And God’s saying, you know, out of all the impressive people groups, you were the least impressive people group like you were the smallest when it comes to doing anything by your strength. You didn’t have what other people had, but rather I picked you as the lowest to show that it wasn’t by your strength, but rather by my strength. And so God intervenes in the lives of people that weren’t weren’t able to impress with their size or their power or their authority, but rather be impressed with the size of their God in which they followed. And the same is true for us now, here this morning to impress God with who we are. But let’s see our hearts impressed with who he is to understand the greatness of our Lord, because that is what shapes us. And so Abraham, 99 years old, finds him in this place. And God says to him, because of that, then walk before me in this passage, walk before me and be blameless. Meaning Abraham had to learn the cadence of what it means to follow after God. He didn’t instantly become a perfect person in the Lord. In fact, being blameless doesn’t mean go out and be perfect. That’s it’s not possible, but rather be complete. Be whole. That’s what the idea is in this passage. Be complete. Being whole. Meaning make your identity here out of all the paths that you can make your life about.

Walk in this path because your identity is found in this position. This is the reason for which God has created you. When you think about Abraham’s life, when Abraham was first called at the at the end of Genesis 11, it was actually his father Terah that was called. And Tara left with his family, but he didn’t go where God had called him. He just left and went on a little bit of a journey and stopped short. But Abraham, he went to the promised land. But when Abraham got there, rather than stop short like his father, he he went beyond God. He started to do things in his own strength. And so it is to learn to walk in the cadence of the Lord, not to stop short, but to give all of ourselves, and not to go beyond him, but to understand the rhythm of God’s heart as we move throughout this world, in order to to glorify him as we rest in what he’s accomplished for us. And so God, God has called Abraham to to be blameless, which means we don’t want to be a superficial people, but a people of depth. And we find the depth of who we are and our relationship with the Lord, that when when life becomes difficult, when life cuts us, what we bleed is the goodness of Christ. Because we have learned the cadence of following after the Lord by by the position that we have in him complete whole walking with integrity in the Lord.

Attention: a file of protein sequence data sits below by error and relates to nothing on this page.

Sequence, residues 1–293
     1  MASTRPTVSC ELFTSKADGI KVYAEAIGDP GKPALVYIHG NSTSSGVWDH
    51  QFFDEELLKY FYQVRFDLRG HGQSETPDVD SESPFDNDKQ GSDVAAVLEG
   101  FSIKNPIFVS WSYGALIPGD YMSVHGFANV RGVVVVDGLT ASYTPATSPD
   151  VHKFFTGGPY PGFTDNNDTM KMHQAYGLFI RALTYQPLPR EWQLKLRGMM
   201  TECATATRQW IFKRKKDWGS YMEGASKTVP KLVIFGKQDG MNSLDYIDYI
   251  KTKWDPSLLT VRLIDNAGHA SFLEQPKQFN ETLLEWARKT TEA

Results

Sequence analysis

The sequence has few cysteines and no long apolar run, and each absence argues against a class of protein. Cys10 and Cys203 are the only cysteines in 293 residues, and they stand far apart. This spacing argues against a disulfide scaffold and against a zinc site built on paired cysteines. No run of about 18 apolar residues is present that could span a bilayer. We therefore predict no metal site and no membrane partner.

And Abraham’s response in all of this, then at the very end of this verse, verse three, at the very beginning of verse three, it says, he fell and he worshiped, he worshiped. The only response that is worthy of what God has done is worship. It’s not about putting the attention on you and the efforts of what you do and how you perform, and demonstrating to God why you should be worthy. But rather what he has done on your behalf. So Abraham worships because he knows only in Christ is his life truly and graciously transformed. Well, you see in the life of Abraham a place of just being undone. It’s giving back to the Lord who he is because of what God has given to him in this covenant promise. And so you start to see these promises then unfold in verse three and verse, verse three, it goes on. And God said to him, behold, my covenant is with you, and you shall be the father of a multitude of nations. No longer shall your name be Abram, but your name shall be Abraham. For I have made you a father of a multitude of nations. And here’s what he’s saying is Abraham, because of this covenant, this is redefined who you are. This is reoriented all of your life now because because of what I’ve done for you and and now because of that, you have a new identity.